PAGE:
The play of the breeze brings the music of childhood,
The tinkle of laughter as light and as clear
As were our voices when singing in Wildwood
The day before Christmas—the best time of year.

The songs that we sang told of sleigh bells a-jingling,
Snow-laden branches, and manger with child;
A reindeer named Rudolph, with red nose a-tingling
From temperatures colder than our climate mild.

Although we were strangers to reindeer and mangers,
And sunscreen on noses was all that we knew
Of summertime whiteness, apart from the brightness
Of clouds in a sea of cerulean blue,
We sang with conviction, in vowel-perfect diction,
Extolling His birth, which we knew to be true.

Each chorister, following annual tradition,
Wore swimmers beneath formal trousers and robes.
But though the townsfolk knew our layered condition,
The height of our folly resisted all probes.

For when the last notes faded into the distance,
We packed up our songbooks, with danger in mind;
To head to the river, whose lilting insistence
Had drawn us to waters—the treacherous kind.

Before you could say Silent Night, or King Wenceslas,
We divested the vestments of choral attire:
On bordering fences, positions defenceless
From flurries of dust, and the rust stain of wire.

From cliffs high enough to see mountaintops showing,
We leapt to the ribbon of silver below,
Until our resistance to hunger pangs growing
Drifted away like a leaf in the flow.

Boastful, bedraggled, still dripping, we straggled
Back home after donning our gear for the way;
Dismissive of bruising, self-confidence oozing—
Outdoing each other in swagger and sway.

And these are the scenes that my memory’s bringing
Whenever December the twenty-fourth nears:
The pleasure of touching the skies with our singing,
Delighting in danger, and brushing off fears.



David Watt is a writer from Canberra, the “Bush Capital” of Australia. He has contributed regularly to Collections of Poetry and Prose by Robin Barratt. When not working for IP (Intellectual Property) Australia, he finds time to appreciate the intrinsic beauty of traditional rhyming poetry.

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17 Responses

  1. Peter Hartley

    A good antidote to my misery at this time of year and good use of female rhyme. I always like the way tetrameter gallops along and this is a good example of it.

    • Peter Hartley

      David – I also like Evan’s choice of illustration. It was used in the Penguin English Library series for the cover of Silas Marner over fifty years ago.

      • David Watt

        Thanks Peter – I’m glad my poem provided you with some cheer in these unsettling times. I chose to use anapestic tetrameter for a jaunty effect. It’s gratifying to hear that the choice proved effective.

        The illustration chosen by Evan was an excellent choice. Thanks for the interesting background confirming its use as a cover to Silas Marner many years ago.

        Wishing you all the best for Christmas and the New Year.

  2. Jeff Eardley

    David, this is most enjoyable. Just reading whilst watching “Carols from Kings” as an icy wind blows outside. No dipping in the ribbon of silver for me tonight.

    • David Watt

      Thanks very much Jeff. Our summer weather here must be in stark contrast to your current winter. Taking advantage of the milder summer this year, we have alternated between outdoor and indoor eating this Christmas day.

      Wishing you a merry Christmas Jeff, and a happy New Year.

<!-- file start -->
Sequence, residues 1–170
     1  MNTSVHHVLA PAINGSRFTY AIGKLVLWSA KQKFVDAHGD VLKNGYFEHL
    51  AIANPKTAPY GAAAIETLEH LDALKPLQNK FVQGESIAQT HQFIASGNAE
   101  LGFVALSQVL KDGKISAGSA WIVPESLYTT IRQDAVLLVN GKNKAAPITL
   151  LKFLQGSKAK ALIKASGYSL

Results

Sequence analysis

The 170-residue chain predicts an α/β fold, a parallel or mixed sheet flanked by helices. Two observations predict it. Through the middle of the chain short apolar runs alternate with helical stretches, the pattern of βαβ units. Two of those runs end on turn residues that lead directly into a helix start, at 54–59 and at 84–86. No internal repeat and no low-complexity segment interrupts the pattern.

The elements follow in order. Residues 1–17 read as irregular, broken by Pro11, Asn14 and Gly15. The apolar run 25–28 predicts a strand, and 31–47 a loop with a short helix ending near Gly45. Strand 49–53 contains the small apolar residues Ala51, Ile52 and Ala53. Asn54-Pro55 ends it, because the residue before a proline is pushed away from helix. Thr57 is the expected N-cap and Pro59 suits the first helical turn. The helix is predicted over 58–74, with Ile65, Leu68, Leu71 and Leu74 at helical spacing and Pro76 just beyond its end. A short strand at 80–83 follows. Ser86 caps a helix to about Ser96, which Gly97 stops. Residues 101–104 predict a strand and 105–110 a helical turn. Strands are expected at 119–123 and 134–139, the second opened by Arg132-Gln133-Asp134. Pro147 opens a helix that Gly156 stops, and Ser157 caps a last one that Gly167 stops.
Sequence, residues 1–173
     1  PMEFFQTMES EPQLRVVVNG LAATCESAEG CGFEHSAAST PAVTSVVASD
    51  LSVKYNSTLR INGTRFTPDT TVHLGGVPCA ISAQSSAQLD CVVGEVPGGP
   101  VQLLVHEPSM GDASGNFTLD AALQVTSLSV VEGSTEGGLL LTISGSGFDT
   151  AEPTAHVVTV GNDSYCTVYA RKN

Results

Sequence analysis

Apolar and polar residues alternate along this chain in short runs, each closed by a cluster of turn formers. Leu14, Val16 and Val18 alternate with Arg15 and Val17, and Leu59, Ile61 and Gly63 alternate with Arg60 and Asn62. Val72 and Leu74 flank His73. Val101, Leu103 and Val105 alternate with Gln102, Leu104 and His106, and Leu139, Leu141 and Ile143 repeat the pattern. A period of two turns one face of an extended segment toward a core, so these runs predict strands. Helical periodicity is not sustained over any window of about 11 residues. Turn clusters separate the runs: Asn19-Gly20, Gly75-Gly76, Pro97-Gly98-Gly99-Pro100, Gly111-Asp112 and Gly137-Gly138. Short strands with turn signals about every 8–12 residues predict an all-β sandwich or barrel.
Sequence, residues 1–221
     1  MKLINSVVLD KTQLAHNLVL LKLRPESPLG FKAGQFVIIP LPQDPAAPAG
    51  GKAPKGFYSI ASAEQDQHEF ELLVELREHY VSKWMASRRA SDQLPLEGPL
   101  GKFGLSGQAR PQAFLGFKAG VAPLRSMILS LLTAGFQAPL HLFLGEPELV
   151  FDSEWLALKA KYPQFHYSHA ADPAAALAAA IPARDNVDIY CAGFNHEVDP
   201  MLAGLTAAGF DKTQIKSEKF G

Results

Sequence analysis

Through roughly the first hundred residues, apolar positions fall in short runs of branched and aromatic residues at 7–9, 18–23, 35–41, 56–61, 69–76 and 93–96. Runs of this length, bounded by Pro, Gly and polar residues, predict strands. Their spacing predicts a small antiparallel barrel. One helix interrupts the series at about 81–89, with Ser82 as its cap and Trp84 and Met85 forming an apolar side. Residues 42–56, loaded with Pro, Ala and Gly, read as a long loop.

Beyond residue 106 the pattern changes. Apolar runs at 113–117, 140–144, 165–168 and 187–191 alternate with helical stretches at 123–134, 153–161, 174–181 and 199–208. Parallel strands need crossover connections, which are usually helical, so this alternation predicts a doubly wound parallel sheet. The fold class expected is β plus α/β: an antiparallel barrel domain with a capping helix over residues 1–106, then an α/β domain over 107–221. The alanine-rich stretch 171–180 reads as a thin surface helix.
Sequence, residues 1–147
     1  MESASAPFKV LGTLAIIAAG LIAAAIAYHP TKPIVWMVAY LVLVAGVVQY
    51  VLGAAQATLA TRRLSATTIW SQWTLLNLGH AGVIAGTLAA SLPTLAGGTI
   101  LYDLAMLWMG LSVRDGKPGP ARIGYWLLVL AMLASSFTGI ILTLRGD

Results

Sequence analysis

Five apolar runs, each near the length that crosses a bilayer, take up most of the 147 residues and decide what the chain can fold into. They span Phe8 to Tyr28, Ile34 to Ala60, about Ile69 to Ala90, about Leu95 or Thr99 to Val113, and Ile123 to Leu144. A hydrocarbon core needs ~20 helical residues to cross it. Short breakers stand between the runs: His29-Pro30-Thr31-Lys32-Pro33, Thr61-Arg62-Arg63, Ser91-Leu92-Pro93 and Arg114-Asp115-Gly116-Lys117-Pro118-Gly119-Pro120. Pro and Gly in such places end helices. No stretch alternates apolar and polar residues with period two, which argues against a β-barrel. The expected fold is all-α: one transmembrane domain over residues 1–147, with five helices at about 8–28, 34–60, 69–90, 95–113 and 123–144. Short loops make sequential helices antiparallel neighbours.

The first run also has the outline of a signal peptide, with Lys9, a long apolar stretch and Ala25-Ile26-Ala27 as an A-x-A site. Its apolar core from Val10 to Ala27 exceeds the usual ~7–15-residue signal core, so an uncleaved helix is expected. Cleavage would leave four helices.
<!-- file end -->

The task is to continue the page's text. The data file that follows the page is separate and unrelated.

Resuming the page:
• Jeff Eardley

        David, best Yuletide wishes to you and yours and fingers crossed for a much better 2021.

  3. Susan Jarvis Bryant

    David, this is not only well composed and beautiful, it gives an insight into Christmas in a different climate and I can fully relate to that. Having moved from England to Texas, having Christmas dinner in the backyard in summer clothes and paddling bare-foot in at our local bay, is so strange to me. The joy and wonder of your poem is contagious (oops, that word is probably no longer PC). A very Merry Christmas to you!

    • Margaret Coats

      Yes, Christmas takes festival forms in varied climates! In Florida, it was Midnight Mass in evening dress. We might go to the beach during the Twelve Days, but didn’t swim because the air was warm, but the water cold.

      • David Watt

        Margaret, you’re quite right. Christmas celebrations take many forms, depending on climate and culture. With current interstate travel restrictions, most people are staying at home this Christmas. The water’s warm, but unfortunately, the beach will have to wait.

    • David Watt

      Susan, I appreciate positive feedback from you, as you maintain a consistently high standard across various forms.

      The idea for this poem came from the fact that our daughter is a chorister in the Australian Girls Choir, and that for school swimming days she regularly wore swimmers under her school uniform to be pool ready. Other than that, the narrative is entirely fictional.

      Wishing you and Mike good health and high spirits for Christmas.

  4. Margaret Coats

    David, thanks for this good story of voices and singers. Lines 13 and 14 resound with any chorister. Strange year this, when we may get in trouble just for the singing, but not for any “dangerous” celebrations otherwise–unless of course we congregate too closely.

  5. Anna J Arredondo

    I found your poem most enjoyable, interesting to the mind and pleasing to the ear — and I particularly love the third stanza. You also have some clever rhymes, like Wenceslas/defenceless…

    • David Watt

      Thank you Anna. Sunscreen on noses came to mind as a symbol of summer, and is a definite contrast to scenes of northern hemisphere Christmas snow.
      I also wanted to emphasize that the belief in His birth remains true the world over.


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